Women and Technology – Part 2

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Welcome to our weekly CENMAC blog post

Women’s History Month – Women and Technology, Part 2by Mary Long, CENMAC Advisory Teacher 


This week we share a variety of resources about women, technology and history that is accessible online. Also, we celebrate Helen Keller the deaf-blind activist, writer, journalist and ambassador who proved her disability was not debilitating.

Black backgorund with colourful text women's history month
© womenshistorymonth.gov

Helen Keller, a deaf-blind activist who campaigned for the rights of disabled people. Through her work, she changed the law to make books available in braille in libraries. 


BBC Teach

There is a whole host of teaching resources are available on the BBC Teach page, in celebration of women’s achievements in history. CENMAC especially like the short films that are available honouring the lives of women who have made an impact over the years. 

To access the resources, including some fantastic short animations for use in the classroom, visit: www.bbc.co.uk/teach/teach/womens-history-month


Helen Keller

One of the films available profiles the life of Helen Keller, a deaf-blind activist who campaigned for the rights of disabled people. Through her work, she changed the law to make books available in braille in libraries. She also wrote many books, published worldwide, on a variety of social issues. 


Helen Keller was an icon, and her determination to overcome her own disability to help others was truly inspirational. To find out more about her life, visit:


Technology now, means that the difficulties experienced by Helen Keller, are becoming less of an obstacle. For example, people who have a vision impairment are able to use assistive technology to dictate their ideas or use devices to translate braille into text and vice versa. Ability Net have a comprehensive factsheet available on their website on vision impairment and computing: abilitynet.org.uk/factsheets/vision-impairment-and-computing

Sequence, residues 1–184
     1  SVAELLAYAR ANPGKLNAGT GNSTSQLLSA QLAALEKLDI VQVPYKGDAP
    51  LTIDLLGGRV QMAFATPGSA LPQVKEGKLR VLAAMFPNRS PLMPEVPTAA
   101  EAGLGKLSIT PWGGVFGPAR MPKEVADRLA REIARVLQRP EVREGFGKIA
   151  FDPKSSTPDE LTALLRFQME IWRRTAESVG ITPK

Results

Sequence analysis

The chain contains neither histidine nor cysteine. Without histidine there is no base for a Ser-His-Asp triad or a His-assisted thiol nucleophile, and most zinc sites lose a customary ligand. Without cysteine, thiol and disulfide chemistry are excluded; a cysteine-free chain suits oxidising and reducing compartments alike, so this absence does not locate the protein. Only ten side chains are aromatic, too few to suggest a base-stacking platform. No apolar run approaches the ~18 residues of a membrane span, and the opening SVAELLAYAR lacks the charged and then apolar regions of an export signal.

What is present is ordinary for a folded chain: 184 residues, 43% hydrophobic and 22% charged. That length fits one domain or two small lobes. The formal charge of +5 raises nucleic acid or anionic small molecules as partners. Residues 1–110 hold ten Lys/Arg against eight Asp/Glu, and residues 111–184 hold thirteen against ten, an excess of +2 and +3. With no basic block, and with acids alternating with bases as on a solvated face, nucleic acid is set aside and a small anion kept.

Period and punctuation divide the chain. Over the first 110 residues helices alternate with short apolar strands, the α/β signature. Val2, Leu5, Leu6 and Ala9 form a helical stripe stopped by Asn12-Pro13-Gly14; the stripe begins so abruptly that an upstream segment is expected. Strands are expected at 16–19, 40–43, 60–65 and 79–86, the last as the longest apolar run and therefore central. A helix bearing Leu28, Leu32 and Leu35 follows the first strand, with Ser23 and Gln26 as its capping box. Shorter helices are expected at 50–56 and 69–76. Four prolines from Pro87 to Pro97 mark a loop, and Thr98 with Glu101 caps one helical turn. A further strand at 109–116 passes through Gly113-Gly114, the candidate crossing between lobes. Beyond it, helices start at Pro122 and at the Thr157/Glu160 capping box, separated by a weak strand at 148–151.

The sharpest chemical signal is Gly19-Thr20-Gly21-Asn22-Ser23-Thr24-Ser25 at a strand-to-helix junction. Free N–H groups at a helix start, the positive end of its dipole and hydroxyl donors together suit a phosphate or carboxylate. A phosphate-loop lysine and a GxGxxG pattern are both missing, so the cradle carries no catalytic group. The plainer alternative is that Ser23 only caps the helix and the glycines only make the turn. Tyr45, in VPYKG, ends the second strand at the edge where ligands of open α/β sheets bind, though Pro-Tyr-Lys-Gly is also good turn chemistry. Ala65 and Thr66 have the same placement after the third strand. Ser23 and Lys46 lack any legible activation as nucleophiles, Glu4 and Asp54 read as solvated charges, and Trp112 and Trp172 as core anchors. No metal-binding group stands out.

In the field of technology, and technological advances, women are playing a key role in design and development 

Apply to become a Technology Volunteer 

Technology is empowering and it allows us independence to access information, to exercise consumer choice, to plan holidays, to enjoy global entertainment and to share our experiences.

RNIB’s technology volunteers ‘unleash this power, ensuring that blind and partially sighted people are not excluded from a connected world.  Long before pac-man was eating pac-dots, volunteers were supporting people with sight loss to use technology. They help with a huge range of devices – from tablets to talking book players.’ 

Link to apply: www.rnib.org.uk/volunteering


RNIB’s top books for International Women’s Day 

To mark International Women’s Day 2021RNIB’s library team have selected their top non-fiction books that reveal stories of women from around the world. From We Should All Be Feminists by Chimamanda Ngozi Adichie to Bloody Brilliant Women: The Pioneers, Revolutionaries and Geniuses Your History Teacher Forgot to Mention by Cathy Newman. Click below to see their brilliant choices:


Don’t forget you can share your CENMAC experiences for our CENMAC family to enjoy. Plus, sign up for our newsletter to read more about Women and Technology.